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GDPR Conformance Does Not Excuse Companies from Vicarious Liability

The UK supermarket chain Morrisons’ legal battle with 5,500 of its own employees over vicarious liability introduces a new threat element to the already complex and confusing demands of the EU’s General Data Protection Regulation (GDPR).

The UK supermarket chain Morrisons’ legal battle with 5,500 of its own employees over vicarious liability introduces a new threat element to the already complex and confusing demands of the EU’s General Data Protection Regulation (GDPR).

In 2014, a Morrisons internal audit employee, Andrew Skelton, stole and disclosed personal information (including names, addresses, bank account, salary and national insurance details) on almost 100,000 Morrisons employees. The difference between this and most ‘insider’ threats is that Skelton had legitimate and trusted access to the data.

Morrisons acted quickly to prevent further losses, and caught the perpetrator. He is currently serving an eight-year jail sentence. Affected employees, however, subsequently joined together in a group (class) action against the supermarket for the disclosure of their information and subsequent distress.

Morrisons has always denied corporate responsibility. It claims the action was that of a rogue employee targeting it, rather than the employees, and that it has sufficient data protection controls to satisfy data protection regulations. To a degree, this is confirmed by the UK data protection regulator, the ICO, deciding not to take regulatory action against Morrisons over the breach.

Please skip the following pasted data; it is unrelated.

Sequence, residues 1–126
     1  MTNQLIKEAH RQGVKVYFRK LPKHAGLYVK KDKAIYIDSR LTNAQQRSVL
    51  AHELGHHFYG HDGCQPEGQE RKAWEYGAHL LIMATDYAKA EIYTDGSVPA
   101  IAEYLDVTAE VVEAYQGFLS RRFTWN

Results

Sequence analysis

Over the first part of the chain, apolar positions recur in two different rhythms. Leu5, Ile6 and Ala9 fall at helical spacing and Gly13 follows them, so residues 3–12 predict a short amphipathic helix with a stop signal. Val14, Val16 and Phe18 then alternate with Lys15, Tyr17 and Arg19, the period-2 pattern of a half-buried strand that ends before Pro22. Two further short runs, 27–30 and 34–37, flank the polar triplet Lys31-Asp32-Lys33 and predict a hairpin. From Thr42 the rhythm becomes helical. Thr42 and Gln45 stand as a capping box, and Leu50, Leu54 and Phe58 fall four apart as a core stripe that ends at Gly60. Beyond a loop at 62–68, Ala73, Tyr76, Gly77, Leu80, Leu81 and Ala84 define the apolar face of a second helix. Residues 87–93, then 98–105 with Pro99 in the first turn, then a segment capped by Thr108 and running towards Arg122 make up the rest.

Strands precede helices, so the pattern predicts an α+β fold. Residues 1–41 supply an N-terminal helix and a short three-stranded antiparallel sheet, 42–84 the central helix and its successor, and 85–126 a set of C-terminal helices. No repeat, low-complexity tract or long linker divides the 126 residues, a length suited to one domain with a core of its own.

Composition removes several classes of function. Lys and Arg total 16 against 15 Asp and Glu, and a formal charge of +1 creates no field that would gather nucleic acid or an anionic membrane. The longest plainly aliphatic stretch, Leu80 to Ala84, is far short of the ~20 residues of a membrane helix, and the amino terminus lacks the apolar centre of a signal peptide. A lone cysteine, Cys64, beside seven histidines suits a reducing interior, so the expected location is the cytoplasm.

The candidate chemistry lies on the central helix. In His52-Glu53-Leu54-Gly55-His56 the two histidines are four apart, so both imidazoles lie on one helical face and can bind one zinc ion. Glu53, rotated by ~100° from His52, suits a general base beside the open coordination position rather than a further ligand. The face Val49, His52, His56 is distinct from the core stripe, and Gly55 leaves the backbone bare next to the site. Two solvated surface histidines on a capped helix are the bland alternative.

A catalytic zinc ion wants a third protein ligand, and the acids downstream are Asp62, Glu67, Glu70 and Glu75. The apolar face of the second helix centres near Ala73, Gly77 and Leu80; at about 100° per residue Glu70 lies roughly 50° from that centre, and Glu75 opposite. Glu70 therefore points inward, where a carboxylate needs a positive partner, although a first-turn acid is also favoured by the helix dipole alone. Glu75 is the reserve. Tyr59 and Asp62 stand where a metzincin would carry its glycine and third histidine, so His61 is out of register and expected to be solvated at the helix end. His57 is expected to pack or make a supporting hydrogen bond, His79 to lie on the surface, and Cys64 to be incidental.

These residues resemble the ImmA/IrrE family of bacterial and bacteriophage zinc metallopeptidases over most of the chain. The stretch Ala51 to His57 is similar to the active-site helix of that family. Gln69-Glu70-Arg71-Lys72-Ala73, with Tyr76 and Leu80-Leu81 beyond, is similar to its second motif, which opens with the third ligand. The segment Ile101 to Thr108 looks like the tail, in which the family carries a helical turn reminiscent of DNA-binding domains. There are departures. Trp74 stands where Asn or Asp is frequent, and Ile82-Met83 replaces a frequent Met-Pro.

Nevertheless, the class action went to court. On December 1, 2017, Morrisons was cleared by the High Court of direct liability for the breach (it had not breached any relevant data protection legal principles). The law at the time was the Data Protection Act 1988, the pre-cursor of the Data Protection Act 2018 (GDPR). However, the court also held that Skelton’s actions, as an employee of Morrisons, exposed the firm to vicarious liability outside of the data protection law.

Morrisons appealed. On October 22, 2018, the Court of Appeal unanimously rejected the appeal. Now Morrisons has been formally granted permission to appeal to the Supreme Court. It would be wrong to second-guess the outcome of the final appeal — but two courts have already found against Morrisons. The claimants’ lawyer is confident that that the Supreme Court will reject this second appeal, saying, “we have every confidence that the right verdict will, once again, be reached.”

If the Supreme Court does reject the appeal, then companies will need to reconsider their existing GDPR controls. The High Court suggested that insurance might be a route to limit financial liability, but cyber insurance is still a nascent industry and its ability to handle vicarious cyber liability is not yet tested. So, while insurance might provide an additional layer of security, it should not be relied upon. And it is likely to be expensive.